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Old 01-25-2004, 10:37 AM   #1
aikempshall
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169.254.0.0 in Kernal IP routing table


I have a Speedtouch 510iv4 which has entries in its IP route table for 169.254.0.0 which has been fed through to the Kernal IP routing table table as follows

route -n
Kernel IP routing table
Destination Gateway Genmask Flags Metric Ref Use Iface
169.254.0.0 0.0.0.0 255.255.0.0 U 0 0 0 eth0
10.0.0.0 0.0.0.0 255.0.0.0 U 0 0 0 eth0
127.0.0.0 0.0.0.0 255.0.0.0 U 0 0 0 lo
0.0.0.0 10.0.0.138 0.0.0.0 UG 0 0 0 eth0


What is 169.254.0.0? Do I need it?

I've removed it from the Kernal IP routing table and from the IP route table of the Speedtouch, start/stop eth0 but it just reappears!
 
Old 01-26-2004, 02:02 AM   #2
codedv
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It looks like its the network your medem is connected to. It will be their while your modem is plugged in and connected.
 
Old 01-26-2004, 03:10 AM   #3
aikempshall
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It's not a network that I recognise. Where would the Kernal IP routing table get this address from?
 
Old 01-26-2004, 03:37 AM   #4
codedv
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Your modem will have an IP address and when it is connected a route to the network is usually added.

If you bring the eth0 interface down then the route should disappear.

You can also check the modems IP address. If it begins 169.254 then then the route is your modem.

Last edited by codedv; 01-26-2004 at 03:38 AM.
 
Old 01-26-2004, 01:13 PM   #5
tomaslarsson
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I have the same entry, but on eth1 which is connected to my local LAN, not the adsl modem, so where does it come from.
 
Old 01-26-2004, 04:46 PM   #6
Parksy
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The 169.254 address range is used for some kind of intermediary step to the internet. The Speedtouch modem may always tell the computer that its ip address is in the 169.254 range because that range isn't used for the internet or for LANs, so it shouldn't conflict with anything.

That's just a guess. I don't know anything about those modems or much about the 169.254 addresses.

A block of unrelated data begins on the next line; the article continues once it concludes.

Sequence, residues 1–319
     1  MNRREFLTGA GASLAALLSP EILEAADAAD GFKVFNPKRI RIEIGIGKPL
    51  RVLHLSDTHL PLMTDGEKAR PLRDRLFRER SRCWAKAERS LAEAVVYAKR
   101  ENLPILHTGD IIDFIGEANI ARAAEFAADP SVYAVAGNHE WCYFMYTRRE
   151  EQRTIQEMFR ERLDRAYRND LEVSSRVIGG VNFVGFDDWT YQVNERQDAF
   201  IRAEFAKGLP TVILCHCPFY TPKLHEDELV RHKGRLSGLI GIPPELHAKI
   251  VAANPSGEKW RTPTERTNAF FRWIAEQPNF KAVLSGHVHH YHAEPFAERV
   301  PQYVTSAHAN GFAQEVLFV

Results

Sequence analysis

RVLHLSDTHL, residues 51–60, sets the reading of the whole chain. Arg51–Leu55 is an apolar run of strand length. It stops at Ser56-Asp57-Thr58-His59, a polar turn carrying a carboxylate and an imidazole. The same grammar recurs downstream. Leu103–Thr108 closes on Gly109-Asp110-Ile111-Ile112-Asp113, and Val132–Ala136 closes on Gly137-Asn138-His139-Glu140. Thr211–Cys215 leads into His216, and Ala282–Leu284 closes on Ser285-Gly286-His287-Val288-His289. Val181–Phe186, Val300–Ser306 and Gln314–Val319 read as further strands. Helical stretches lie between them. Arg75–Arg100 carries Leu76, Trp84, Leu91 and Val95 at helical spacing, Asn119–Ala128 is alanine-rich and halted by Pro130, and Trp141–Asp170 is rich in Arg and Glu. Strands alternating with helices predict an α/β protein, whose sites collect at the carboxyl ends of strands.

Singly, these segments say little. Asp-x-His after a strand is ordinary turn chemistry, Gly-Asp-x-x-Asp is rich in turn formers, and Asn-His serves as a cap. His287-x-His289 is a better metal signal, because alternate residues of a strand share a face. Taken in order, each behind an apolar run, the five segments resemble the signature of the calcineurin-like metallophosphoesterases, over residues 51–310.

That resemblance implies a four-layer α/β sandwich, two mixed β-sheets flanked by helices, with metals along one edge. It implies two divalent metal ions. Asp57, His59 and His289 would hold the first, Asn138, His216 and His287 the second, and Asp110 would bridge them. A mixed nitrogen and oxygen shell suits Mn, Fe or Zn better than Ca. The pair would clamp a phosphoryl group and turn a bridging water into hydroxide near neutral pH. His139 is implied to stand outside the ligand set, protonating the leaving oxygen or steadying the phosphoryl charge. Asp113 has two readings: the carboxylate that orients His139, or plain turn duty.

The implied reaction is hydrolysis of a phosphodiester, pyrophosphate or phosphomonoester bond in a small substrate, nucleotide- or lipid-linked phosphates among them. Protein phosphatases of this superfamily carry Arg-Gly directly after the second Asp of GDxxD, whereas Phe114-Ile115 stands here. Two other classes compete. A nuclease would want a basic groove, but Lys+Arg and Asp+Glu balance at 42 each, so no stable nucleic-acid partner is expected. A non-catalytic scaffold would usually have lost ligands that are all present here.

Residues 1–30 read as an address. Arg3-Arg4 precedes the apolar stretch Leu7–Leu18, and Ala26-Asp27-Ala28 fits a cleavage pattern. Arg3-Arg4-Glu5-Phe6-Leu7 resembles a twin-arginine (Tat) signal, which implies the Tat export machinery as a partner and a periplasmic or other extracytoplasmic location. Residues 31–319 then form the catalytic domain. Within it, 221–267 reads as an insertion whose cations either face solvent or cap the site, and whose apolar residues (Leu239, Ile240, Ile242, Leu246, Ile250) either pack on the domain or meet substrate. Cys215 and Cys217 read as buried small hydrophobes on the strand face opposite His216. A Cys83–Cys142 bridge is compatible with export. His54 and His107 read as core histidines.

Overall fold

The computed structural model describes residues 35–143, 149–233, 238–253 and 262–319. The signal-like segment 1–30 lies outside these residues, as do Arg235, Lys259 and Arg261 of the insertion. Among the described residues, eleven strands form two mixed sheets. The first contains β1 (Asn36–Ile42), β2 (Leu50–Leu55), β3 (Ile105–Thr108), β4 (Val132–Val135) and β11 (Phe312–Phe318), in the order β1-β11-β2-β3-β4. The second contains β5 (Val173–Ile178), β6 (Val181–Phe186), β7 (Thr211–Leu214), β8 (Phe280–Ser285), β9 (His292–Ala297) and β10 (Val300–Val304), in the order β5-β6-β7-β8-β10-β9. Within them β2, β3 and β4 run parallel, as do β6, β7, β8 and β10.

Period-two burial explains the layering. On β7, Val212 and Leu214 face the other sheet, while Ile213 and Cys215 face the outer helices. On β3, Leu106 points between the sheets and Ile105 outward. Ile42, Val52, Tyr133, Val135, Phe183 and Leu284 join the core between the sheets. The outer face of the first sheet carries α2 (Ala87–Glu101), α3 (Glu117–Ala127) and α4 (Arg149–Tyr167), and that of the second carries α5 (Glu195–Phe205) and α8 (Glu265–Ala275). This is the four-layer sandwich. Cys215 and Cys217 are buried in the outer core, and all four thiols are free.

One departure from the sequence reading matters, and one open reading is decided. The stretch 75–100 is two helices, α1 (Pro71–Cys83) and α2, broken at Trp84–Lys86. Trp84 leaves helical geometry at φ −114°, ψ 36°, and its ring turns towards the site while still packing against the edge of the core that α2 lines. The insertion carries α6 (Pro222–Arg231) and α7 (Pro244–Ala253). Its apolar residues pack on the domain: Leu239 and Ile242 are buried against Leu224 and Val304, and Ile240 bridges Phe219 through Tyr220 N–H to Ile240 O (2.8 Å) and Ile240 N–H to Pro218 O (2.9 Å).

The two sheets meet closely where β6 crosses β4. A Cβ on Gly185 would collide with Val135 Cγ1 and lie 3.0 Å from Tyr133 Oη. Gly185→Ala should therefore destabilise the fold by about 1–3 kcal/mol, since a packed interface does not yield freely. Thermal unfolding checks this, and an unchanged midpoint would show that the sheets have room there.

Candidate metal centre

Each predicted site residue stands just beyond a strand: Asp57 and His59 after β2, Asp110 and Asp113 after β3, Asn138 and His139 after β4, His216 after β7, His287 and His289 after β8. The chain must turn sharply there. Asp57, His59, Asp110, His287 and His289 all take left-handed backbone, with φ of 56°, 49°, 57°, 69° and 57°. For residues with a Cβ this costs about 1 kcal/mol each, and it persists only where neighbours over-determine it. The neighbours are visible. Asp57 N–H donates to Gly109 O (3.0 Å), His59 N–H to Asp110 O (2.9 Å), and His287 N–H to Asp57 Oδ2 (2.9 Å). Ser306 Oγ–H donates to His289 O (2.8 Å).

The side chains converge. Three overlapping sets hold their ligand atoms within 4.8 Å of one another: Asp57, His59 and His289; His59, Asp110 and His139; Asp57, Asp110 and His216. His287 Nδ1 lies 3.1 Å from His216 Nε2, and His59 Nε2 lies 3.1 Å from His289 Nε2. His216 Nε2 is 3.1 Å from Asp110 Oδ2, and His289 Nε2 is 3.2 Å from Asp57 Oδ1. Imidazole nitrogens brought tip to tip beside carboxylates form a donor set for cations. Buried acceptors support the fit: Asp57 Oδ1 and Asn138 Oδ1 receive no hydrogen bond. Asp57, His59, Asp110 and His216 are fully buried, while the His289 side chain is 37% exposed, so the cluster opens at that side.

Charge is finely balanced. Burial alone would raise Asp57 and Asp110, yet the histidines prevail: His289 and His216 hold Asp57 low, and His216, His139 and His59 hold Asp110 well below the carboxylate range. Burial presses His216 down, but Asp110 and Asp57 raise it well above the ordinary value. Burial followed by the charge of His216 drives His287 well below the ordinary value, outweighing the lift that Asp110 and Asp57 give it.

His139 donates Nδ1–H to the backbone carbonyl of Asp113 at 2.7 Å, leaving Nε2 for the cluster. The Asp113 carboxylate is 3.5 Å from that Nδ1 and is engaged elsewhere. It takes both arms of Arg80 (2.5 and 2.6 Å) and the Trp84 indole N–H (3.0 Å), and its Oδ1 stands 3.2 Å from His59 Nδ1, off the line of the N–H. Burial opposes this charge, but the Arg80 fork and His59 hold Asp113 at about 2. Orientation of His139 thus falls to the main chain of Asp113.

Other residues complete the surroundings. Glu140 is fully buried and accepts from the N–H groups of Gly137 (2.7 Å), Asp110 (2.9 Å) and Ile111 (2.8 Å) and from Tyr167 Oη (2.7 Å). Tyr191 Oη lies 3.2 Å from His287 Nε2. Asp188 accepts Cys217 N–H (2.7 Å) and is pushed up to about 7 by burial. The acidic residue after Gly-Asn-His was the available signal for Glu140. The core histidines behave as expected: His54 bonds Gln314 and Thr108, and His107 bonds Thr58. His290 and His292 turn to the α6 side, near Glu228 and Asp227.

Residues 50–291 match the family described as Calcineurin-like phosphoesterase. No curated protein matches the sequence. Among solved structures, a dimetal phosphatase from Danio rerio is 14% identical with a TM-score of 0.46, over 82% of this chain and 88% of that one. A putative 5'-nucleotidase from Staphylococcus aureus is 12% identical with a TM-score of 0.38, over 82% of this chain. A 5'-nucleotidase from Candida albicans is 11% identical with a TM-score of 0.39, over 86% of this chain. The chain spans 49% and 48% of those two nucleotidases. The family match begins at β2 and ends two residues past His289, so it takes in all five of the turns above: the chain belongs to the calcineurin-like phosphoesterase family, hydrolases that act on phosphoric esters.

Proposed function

Old 01-26-2004, 05:02 PM   #7
fataldata
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the 169.254 addresses popup usually when you are using DHCP but have not been able to obtain an address. They are associated with DHCP and are not routable.

Found this thread on the net:

http://cert.uni-stuttgart.de/archive.../msg00309.html

The range of 169.254.x.x has been reserved for this purpose. The idea is
that when DHCP fails, it still gives clients a way to communicate with
TCP/IP. It is, off course, not intended to production use, but it will give
the client a chance to use TCP/IP in order to recover. For example, on a
widely switched Ethernet backbone, it could enable the user to at least
e-mail MIS saying that their network connection is flaky.
 
Old 01-27-2004, 12:42 AM   #8
tomaslarsson
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But I'm not using DHCP, all my IP's are static.
One more thing, I cant delete it from the routing table.
NET not found is replied when i try to "route del 169.254.0.0", maybe I'm doing something wrong, but....
 
Old 01-27-2004, 03:54 AM   #9
aikempshall
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To delete the route need to supply more information -

route del -net 169.254.0.0 netmask 254.254.0.0 dev eth0

I did this to remove the entry from the table and also removed the corresponding entries from the modem. Recycled eth0 and 169.254 reappeared - spooky. Must also be added somewhere from within Linux.
 
Old 01-27-2004, 04:01 AM   #10
aikempshall
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Sorry should be of course -

route del -net 169.254.0.0 netmask 255.255.0.0 dev eth0
 
Old 01-27-2004, 04:03 AM   #11
tomaslarsson
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Tnx aikempshall, it worked.
The big question is where does this route come from?
 
Old 01-27-2004, 09:10 AM   #12
fataldata
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Well I'm not sure about the DHCP causing the route entry and subsequent address, but I have encountered it many times when I would configure an adapter for DHCP, but it failed to get an address so instead it would use the 169.254.0.0

Glad you were able to remove the entry anyhow.
 
Old 03-10-2004, 02:36 PM   #13
guillote
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solution

for delete that route only add NOZEROCONF=yes to /etc/sysconfig/network file and restart the network (/sbin/service network restart)


Salut !
 
Old 03-10-2004, 11:30 PM   #14
charon79m
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APIPA is what the 169.254 address scheme is. Automatic Private IP Addressing is what it stands for. Micro$oft uses it to address a NIC when DHCP fails. It's kind of becoming a standard though not and RFC, at least not one I'm aware of.

There is no problem with it being in your routing table, it will not affect your IP routing.

Hope it helps.

MrKnisely
 
  


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